3. Hi Mary Pickford, glad to see you that you are back :)! I have to say that i really enjoyed that finally we see the culmination of the love of Jack and Jennifer. They are finally together after such a long slow process which obviously needed to happened given Jack’s terrible past history with Kayla and his mistreatment of Melissa. When one looks at the facts it would seem incredible that a young girl, a virgin would be so taken with a man with such a past. But the writing and the acting of both Matt and Missy made it magic.
    PS. I thought the whole zipper and diaphragm business was pretty lame.

  4. Thank you, love the soaps! I agree that it’s nice to see Jack and Jen finally get together after so long. Another thing I like is that after these scenes things aren’t immediately perfect between them. There are (mostly) here on the island, but when they get back to Salem a lot of issues resurface. Given the distance they have to travel (as you point out), it makes sense and works perfectly for them. In many supercouple stories, by the time they do the deed many of the major problems are already worked out, and the fact that they aren’t for Jack and Jen is something that makes their story a little different. I like that.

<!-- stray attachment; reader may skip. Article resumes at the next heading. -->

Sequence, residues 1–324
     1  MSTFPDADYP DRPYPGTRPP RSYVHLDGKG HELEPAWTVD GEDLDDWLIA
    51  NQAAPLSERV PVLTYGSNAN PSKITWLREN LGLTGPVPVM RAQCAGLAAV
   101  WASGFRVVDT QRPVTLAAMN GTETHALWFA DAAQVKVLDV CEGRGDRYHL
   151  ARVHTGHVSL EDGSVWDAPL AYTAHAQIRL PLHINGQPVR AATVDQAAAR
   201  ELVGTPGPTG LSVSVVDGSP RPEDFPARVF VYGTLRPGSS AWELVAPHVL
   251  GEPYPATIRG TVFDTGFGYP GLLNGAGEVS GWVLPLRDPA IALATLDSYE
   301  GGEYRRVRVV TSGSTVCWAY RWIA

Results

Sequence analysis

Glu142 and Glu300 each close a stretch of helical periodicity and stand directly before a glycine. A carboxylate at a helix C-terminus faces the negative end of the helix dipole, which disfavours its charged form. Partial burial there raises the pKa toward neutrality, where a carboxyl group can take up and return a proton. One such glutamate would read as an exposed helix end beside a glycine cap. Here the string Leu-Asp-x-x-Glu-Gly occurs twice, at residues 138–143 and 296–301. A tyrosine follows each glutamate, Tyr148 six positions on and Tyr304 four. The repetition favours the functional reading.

5. While I am getting ready for Thanksgiving dinner, I thought I would pop by to see if there were new comments. Your reply is exactly true, I think that there were maybe a few days on the island of true bliss; the pond scene, Jack giving Jennifer the shell ring and then reality sets in once again, Jack has the nightmare and snaps at Jennifer and the “death” of Hope which bring to the foreground all of Jack’s doubts and insecurities.
    I am looking forward to reading your next entry about Jennifer’s pursuit of Jack while engaged to Emilio.

  6. Angsty vulnerable Jack is my favorite Jack also. Matt does a great job showing Jack’s vulnerable side. Later scenes especially during his many proposals show this side also. I love Jack’s raw honest speech and knowing this “afterglow” doesn’t last long and after Harper dies he falls back to putting up walls of what a “bad” guy he is, it is nice to see him like this.